THIS POST WAS SPONSORED BY MY SURFING DREAMS (JK)
Tides are a funny thing. When we think about the beach we don’t usually think about the tides. And surely we don’t take into account how beaches change with tides. D’you know those paradisiacal beaches you see in travel sites in those wonderful photos? They may not look the same on low tide.
But how do tides work and what should you know about them?
Tides are sooo important when going surfing. I’m used to not thinking about them because in the Mediterranean they are almost inexistent. But whenever I go surfing to a new spot, I realise how dependent we are of the tide.
Surfing spots are very different and tides are a key factor in creating the best moment to surf. With surf forecasts, it’s easy to know when the tides are changing but you must know what’s the best condition for that beach. There are beaches that work best in high tide, others in low tide, some in the medium high tide and some others in the medium low tide.
Tides are created as a result of the gravity of the Moon and the Sun on the Earth and their movements.
Every tide lasts approximately 6 hours and there are two low tides and two high tides every day. Between the two high tides, half a day it’s gone (12h and 27 minutes).That’s because the Moon takes almost 25 hours to circle the Earth. So every day the tides come an hour later than the day before.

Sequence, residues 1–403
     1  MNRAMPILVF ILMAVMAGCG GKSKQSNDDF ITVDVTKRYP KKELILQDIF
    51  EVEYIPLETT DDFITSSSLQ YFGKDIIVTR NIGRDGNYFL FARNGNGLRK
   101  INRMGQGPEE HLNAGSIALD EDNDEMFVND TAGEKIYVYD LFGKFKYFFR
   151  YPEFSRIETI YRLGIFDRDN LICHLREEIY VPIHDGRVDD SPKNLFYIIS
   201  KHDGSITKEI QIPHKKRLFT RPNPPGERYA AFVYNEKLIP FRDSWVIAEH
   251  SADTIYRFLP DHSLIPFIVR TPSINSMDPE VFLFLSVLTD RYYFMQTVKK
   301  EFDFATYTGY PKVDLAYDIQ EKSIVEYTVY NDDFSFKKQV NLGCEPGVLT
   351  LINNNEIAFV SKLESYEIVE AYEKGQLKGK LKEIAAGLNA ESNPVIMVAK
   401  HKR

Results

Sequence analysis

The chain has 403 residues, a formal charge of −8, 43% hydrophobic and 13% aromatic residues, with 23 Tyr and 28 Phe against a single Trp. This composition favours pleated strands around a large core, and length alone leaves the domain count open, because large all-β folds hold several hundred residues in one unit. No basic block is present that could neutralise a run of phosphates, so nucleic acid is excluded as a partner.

How’s that there are two high tides (and lows) if the Moon only takes one trip around the Earth a day? Well, it seems weird, right? While the water rises when the Moon is overhead your beach, it has the same effect when it’s just on the opposite side of the Earth (just below your feet). This is because the gravitational force of the Moon creates two water bulges that also move contrary to the movement of the Earth as a result of a centrifugal force (created from the difference in the rotation of the Earth – it rotates around an axis that isn’t exactly at the c
enter so one side will rotate faster giving some inertia to the second bulge of water).
The bulge on the side of the moon will be the high high tide and the one on the other side just a high tide (but it’s more noticeable on certain spots, for example, on caves or narrow indentations of the sea).
What’s the role of the Sun? Well, because of its distance from the Earth, its gravitational force doesn’t affect the seas as much as the Moon does, but when it aligns with the Moon and the Earth spring tides happen (when the high tides get higher). Conversely, when the Sun gets on a right angle with the Moon, the neap tides happen (the lowest of high tides).
Also, the distance from the Moon affects those bulges differently (you know, it doesn’t go round the Earth in a perfect circle, it’s more like an ellipse). So, when it’s closer to the Earth (perigee), the tidal bulges increase and they decrease when it’s at its furthest (apogee).
Further reading :
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